Climate fiction has been around since the middle of the 20th century, apart from some very early examples. Take, for example, the dystopian science fiction novel "Burning Worlds" written by J.G. Ballard in 1962. Noteworthy are also works by Max Frisch (Man in the Holocene, 1980), Ignacio Brandao (And Still the Earth, 2013), David Brin (Earth, 1990), George Turner (The Sea and Summer, 1987) and several works by Ursula LeGuin. These works can all be reread within the context of climate fiction. Especially the American novels can be seen as connected with the early environmental movement and its diverse cultural commitment. The verité artist Tiny Tim warned of climate change as early as 1968.
Other well-known works include T.C. Boyle (A Friend of the Earth, 2000), Margret Atwood (MaddAddam Trilogy, 2003-2013), Kim Stanley Robinson (Green Earth, 2015, and many others), Steven Amsterdam (Things We Didn’t See Coming, 2009), Barbara Kingsolver (Flight Behavior, 2012), Jeanette Winterson (The Stone Gods, 2007) and Alexis Wright (The Swan Book, 2013).
Why cli fi?
cli fi is an essential addition to today’s literary canon. It is also some of the most demanding literature, as it responds to the greatest danger we face – the threat of global ecological and civilisational collapse. It is an issue of absolute relevance, which in itself raises a grave question: it cannot be understood in one perfect narrative form. This is why the work of cli fi is not primarily concerned with producing the great climate change novel, but rather with the myriad literary forms in the field, i.e. the literary approach to local issues, events and perspectives.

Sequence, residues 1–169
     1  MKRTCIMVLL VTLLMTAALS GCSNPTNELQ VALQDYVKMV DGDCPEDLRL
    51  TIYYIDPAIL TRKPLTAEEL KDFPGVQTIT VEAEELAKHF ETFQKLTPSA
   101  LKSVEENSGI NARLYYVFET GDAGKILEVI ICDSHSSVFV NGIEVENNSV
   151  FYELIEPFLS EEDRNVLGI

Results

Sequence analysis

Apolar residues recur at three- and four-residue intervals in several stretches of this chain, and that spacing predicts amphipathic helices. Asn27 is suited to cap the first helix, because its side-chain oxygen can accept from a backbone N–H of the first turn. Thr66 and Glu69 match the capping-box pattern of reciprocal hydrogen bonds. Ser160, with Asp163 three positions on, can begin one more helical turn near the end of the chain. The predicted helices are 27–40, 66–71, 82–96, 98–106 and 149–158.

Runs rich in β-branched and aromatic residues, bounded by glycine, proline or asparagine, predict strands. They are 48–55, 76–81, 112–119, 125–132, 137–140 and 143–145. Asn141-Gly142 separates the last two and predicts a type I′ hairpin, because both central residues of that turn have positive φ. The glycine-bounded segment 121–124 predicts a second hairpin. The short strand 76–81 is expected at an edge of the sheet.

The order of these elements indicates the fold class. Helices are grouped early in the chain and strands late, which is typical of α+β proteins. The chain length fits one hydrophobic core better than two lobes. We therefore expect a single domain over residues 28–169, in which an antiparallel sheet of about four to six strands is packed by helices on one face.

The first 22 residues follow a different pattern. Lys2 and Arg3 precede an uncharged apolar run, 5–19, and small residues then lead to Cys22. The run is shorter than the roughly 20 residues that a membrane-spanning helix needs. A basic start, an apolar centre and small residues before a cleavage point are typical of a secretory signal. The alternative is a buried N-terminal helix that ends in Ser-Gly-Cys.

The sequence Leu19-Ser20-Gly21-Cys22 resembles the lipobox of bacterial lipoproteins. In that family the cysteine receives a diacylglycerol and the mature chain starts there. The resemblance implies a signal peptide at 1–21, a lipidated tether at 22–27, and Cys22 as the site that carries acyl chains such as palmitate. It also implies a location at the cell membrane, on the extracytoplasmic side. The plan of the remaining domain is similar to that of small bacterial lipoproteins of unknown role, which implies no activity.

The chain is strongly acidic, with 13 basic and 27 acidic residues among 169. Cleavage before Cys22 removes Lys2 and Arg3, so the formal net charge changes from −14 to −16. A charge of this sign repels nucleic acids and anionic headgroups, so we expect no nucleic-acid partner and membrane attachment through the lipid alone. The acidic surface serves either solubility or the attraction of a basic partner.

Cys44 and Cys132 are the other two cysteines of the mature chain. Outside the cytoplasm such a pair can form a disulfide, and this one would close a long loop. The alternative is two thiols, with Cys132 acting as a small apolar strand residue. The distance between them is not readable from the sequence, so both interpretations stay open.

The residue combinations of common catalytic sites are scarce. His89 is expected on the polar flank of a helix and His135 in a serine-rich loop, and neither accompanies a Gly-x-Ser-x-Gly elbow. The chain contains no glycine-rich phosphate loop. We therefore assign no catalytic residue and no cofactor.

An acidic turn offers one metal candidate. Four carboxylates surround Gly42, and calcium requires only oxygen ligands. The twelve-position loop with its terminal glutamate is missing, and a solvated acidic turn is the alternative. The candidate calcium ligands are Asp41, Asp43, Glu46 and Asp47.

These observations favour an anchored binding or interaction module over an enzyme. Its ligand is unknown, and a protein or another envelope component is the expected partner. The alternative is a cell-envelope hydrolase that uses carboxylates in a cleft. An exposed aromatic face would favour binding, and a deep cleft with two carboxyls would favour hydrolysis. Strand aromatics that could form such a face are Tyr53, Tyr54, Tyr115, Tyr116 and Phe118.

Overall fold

As readers, though, we can always adopt a global attitude. Anyone looking for climate in literature will find it, everywhere and in various forms. In the past, writers of science fiction, futuristic novels and otherworld fantasies have warned of a terrible future; today, they are recognizing the real crisis. They make climate and critique the focal point of a sincere literature and have become the avant-garde of a new global climate writing.
At the Climate Fiction Festival 2020 in Berlin, we will introduce some of cli fi's European representatives as part of a global movement.